Backyard Cornish X Breeding Question

Discussion in 'Meat Birds ETC' started by linebacker, Feb 5, 2008.

  1. linebacker

    linebacker Songster

    Nov 6, 2007
    North West Tennessee
    I dont post much on this site, but I am constantly watching the discussions and have learned so much from all the great questions and answers everybody else post and cant thank yall enough.

    When you try to breed your own Cornish X's are you just concerned with the first cross (The F1s) as the goal. Or do you conentrate on breeding the first crosses and making the F2s your primary meat birds.

    I know I wont get the huge crosses that the hatcheries sell. (It would be great, but I dont have 40 years and millions of $s to devote to it).

    Anyway I guess my question is do I build my birds based on the purebreed parents or by specifically picking the first cross for traits that I want that may or may not be passed down to the next generation, because they are hybrids.
  2. silkiechicken

    silkiechicken Staff PhD

    I think there was a big thread on making your own meat birds, but in short, you have to develop two pure bred parent strains that are semi meaty, then, after that, you mate them and use the F1 for your meat chicks. F1 xF1 = too many variables.
  3. lynxpilot

    lynxpilot In the Brooder

    Jan 19, 2008
    I'm starting my own flock of white rocks for dual purpose this year. I looked into the homemade cornish cross thing and it looks dismal, trying to keep up with major producers. I'm curious as to what their weight will be at 12 or 13 weeks. I'll probably be marketing itty-bitty broilers, but they'll be 'all natural' nonetheless. Brown eggs from the survivors and they supposedly have good winter egglaying hardiness.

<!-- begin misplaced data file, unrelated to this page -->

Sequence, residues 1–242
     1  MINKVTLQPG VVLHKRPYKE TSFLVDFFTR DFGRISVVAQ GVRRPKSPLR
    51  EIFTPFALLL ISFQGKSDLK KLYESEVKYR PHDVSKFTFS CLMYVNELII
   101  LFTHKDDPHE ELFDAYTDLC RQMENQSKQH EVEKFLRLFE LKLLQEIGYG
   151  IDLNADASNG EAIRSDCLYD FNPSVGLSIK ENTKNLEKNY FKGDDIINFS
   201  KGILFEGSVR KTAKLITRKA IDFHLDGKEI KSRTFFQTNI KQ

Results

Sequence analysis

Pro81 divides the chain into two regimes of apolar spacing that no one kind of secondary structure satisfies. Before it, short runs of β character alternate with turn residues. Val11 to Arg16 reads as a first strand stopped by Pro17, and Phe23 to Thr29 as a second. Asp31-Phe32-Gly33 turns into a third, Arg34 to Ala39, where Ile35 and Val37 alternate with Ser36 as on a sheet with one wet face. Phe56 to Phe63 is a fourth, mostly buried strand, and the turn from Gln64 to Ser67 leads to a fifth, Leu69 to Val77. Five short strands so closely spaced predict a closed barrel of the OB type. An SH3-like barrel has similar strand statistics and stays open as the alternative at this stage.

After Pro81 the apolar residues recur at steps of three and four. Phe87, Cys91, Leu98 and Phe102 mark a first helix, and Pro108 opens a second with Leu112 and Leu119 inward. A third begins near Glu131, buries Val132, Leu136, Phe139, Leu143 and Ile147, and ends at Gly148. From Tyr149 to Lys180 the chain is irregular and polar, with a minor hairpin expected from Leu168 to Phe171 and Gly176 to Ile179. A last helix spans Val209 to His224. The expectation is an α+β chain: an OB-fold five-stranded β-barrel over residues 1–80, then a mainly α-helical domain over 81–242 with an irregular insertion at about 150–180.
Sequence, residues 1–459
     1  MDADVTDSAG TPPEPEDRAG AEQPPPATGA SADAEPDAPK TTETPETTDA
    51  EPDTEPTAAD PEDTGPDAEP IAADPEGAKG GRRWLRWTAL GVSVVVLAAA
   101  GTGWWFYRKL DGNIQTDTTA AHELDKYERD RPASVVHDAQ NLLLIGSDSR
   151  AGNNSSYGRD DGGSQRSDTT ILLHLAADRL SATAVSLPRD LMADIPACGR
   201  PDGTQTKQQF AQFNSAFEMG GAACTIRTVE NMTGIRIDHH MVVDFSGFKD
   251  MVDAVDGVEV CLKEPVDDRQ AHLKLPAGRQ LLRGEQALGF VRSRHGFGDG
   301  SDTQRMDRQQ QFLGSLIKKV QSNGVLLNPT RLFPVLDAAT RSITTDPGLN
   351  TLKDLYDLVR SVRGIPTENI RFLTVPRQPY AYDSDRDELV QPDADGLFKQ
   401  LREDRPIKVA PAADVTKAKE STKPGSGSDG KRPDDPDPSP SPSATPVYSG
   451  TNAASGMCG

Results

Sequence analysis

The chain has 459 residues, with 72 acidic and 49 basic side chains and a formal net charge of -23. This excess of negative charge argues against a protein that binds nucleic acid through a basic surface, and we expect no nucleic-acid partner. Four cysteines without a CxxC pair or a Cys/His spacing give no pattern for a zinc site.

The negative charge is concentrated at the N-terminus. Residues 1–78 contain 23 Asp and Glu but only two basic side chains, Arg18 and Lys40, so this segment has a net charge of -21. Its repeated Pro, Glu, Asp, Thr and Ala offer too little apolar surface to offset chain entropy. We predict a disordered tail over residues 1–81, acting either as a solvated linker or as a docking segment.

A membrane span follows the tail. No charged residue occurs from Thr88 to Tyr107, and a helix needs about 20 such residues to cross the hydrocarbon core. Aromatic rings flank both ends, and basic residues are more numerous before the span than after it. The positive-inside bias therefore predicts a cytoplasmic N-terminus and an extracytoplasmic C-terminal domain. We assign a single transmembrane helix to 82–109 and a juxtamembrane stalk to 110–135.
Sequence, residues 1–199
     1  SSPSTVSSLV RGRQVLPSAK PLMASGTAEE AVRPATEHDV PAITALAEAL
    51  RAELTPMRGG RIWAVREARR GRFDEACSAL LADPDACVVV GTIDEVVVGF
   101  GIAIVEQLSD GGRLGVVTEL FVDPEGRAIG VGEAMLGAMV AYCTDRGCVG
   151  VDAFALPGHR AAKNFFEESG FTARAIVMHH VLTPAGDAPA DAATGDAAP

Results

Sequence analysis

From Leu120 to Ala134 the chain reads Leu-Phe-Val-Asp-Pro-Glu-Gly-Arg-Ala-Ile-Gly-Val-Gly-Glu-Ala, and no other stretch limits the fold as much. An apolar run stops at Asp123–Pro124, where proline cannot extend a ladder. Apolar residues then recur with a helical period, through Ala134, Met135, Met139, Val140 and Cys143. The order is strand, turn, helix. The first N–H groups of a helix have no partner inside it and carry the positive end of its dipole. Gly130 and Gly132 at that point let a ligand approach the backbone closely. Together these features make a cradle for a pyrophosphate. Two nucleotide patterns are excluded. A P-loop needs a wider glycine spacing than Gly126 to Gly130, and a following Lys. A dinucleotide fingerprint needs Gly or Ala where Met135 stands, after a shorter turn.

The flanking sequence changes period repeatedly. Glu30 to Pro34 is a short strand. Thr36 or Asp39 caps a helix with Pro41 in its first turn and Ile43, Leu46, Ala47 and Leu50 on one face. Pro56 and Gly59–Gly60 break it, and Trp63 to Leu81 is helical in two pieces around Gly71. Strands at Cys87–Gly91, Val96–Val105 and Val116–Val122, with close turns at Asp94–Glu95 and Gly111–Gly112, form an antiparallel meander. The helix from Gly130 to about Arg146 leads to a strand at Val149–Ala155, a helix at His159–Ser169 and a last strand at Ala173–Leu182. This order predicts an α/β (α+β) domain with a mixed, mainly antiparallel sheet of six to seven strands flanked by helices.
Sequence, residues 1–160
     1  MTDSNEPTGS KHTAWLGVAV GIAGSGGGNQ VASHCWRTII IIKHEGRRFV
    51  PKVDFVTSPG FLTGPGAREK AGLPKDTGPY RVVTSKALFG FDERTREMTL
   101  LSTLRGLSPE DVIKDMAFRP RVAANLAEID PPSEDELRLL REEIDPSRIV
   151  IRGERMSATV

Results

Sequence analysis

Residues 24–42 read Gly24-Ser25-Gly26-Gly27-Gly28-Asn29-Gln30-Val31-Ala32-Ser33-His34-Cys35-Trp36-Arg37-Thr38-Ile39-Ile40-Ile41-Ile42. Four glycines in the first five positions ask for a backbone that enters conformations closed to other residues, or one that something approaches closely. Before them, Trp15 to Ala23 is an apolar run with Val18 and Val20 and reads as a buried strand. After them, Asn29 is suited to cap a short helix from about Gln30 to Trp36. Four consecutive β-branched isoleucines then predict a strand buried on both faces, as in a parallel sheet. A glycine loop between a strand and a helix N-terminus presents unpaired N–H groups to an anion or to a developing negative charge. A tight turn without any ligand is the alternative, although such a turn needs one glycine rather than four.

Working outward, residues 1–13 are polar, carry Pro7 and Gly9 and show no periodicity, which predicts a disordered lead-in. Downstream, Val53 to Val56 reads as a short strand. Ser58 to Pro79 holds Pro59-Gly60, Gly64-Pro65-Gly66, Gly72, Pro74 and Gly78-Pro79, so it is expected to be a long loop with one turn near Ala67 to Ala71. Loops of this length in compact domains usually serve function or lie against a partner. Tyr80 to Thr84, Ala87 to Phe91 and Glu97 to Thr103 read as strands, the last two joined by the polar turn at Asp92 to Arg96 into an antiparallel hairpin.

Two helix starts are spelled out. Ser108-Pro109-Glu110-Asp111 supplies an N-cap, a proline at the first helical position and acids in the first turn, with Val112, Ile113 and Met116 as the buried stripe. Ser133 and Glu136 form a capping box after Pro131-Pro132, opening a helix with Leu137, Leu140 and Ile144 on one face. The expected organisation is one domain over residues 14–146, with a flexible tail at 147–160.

4. Klorinth

    Klorinth Songster

    Mar 3, 2008
    Winnipeg, Manitoba
    Hey Everyone,

    I'm curious as to why people seem to think that they need to "keep up". Why should we be trying to match what the big hatcheries produce?

    For myself I am looking at raising the best birds I can. I want something that has good size, but flavour and health is more important. I want to know that I can have a bird that will grow well at a fairly fast rate. I don't want the leg and heart problems. They should be able to live as long as I need until I can process them if necessary.

    I am one of those people that believes that we can have more. We do not need to sacrifice. That is what I see in the big hatcheries. Sacrifice quality for quantity. Pick the qualities that you want to see and work towards them. Don't let others change you.
  5. greyfields

    greyfields Crowing

    Mar 15, 2007
    Washington State
    There are a zillion threads on this topic. Yes you can do it. No they won't be like the jumbos broilers you get from hatcheries. Read through the first few pages of posts here.

    I have done it with several crosses. They just look too thin and not plump enough for me to sell. Although it's cool to eat them myself and say I did it.

    This is the ATTRA publication on how the big poultry producers do it:

    If I recall correctly, they make a hybrid AB using a laying strain (A) with a different strain (B) of each breed. They then do an AB x CD to get an ABxCD. The trick is their parent strains have been selected over 40-50 years for certain qualities, that the parents no longer resemble a Cornish or a Rock you would find from a breeder.

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